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Heart Disease Health Center

The Polymeal: Recipe for a Healthy Heart

A Daily Dose of Chocolate, Wine, Other Healthy Foods Could Add Years to Your Life
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WebMD Health News

Dec. 16, 2004 -- Here's a new recipe for heart disease prevention: Grab a handful of dark chocolate, a couple of almonds, some fruits and vegetables, and a sprinkle of garlic. Wash it all down with a glass of wine. Do this every day, and researchers say you'll cut your risk of heart disease by a whopping 76%.

The diet, dubbed the "Polymeal," is a combination of foods that have been individually shown to reduce one's risk of heart disease. It includes all of the above-mentioned items, eaten on a daily basis, plus fish four times a week. Ingredients can be combined as a meal or taken individually throughout the day.

Scientists, reporting in next week's issue of the BMJ, reviewed the impact of each ingredient on blood pressure, cholesterol, and the overall risk of heart disease and calculated a combined effect. For example, about 4-5 ounces of wine (a standard glass) reduces the risk of heart disease by nearly one-third. The researchers also say that eating fish four times a week reduced heart disease risk by 14%.

According to the journal study, combining seven food components (dark chocolate, wine, fruits, vegetables, garlic, almonds, and fish) significantly increases the life expectancy of people over age 50 and reduces heart events by more than two-thirds.

Excluding any ingredients caused a slight decline in the overall heart protection benefits. However omitting wine reduced the meal's beneficial impact the most -- by 10%.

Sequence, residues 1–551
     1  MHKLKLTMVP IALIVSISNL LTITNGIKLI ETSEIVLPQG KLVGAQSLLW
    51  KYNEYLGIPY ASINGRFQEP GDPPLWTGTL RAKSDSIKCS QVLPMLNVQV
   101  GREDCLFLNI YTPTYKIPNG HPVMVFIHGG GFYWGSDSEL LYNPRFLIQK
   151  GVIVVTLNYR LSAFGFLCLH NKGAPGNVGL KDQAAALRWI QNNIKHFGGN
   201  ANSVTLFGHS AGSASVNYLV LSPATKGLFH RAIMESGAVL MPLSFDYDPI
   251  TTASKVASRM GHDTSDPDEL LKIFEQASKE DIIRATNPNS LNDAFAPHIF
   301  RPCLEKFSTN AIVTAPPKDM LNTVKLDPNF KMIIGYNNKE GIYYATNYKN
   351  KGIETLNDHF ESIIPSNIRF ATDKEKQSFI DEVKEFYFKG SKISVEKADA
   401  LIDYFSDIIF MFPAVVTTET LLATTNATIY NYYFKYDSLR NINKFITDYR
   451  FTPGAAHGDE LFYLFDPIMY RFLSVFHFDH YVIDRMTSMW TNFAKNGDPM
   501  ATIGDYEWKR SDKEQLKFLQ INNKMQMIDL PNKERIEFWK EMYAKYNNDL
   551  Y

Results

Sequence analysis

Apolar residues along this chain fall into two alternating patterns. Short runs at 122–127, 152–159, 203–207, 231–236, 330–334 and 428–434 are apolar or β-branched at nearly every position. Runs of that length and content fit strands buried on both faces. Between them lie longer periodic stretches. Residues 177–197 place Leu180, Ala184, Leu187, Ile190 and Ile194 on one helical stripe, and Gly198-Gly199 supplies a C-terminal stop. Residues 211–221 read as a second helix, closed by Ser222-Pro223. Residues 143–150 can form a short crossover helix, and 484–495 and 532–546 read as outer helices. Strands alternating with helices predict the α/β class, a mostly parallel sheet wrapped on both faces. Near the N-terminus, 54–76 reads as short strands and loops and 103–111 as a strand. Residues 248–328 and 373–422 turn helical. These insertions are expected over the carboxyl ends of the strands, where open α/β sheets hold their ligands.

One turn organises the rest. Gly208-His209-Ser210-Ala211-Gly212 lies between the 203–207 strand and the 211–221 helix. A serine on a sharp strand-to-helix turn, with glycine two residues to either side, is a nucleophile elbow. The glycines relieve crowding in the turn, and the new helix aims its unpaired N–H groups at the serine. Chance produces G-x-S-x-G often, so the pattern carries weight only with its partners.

The recipe for heart success has the biggest impact on men. Men who dine on the Polymeal program every day increase their total life expectancy by more than six and a half years compared with men not on the Polymeal. They also were able to prevent the onset of heart disease for nine years.

Women eating the Polymeal would live about five years longer than women not eating it. They keep heart disease at bay for eight years.

In 2003 researchers introduced the idea of the "Polypill," a pill combining common medications used against different risk factors for heart disease. They showed that combining these drugs into one pill would reduce cardiovascular disease by more than 80%.

Oscar Franco's team in the Netherlands wanted to come up with a nonpharmacological option.

"Following the Polymeal promises to be an effective, nonpharmacological, safe, and tasty means to increase life expectancy and reduce heart disease across the population," the authors concluded.

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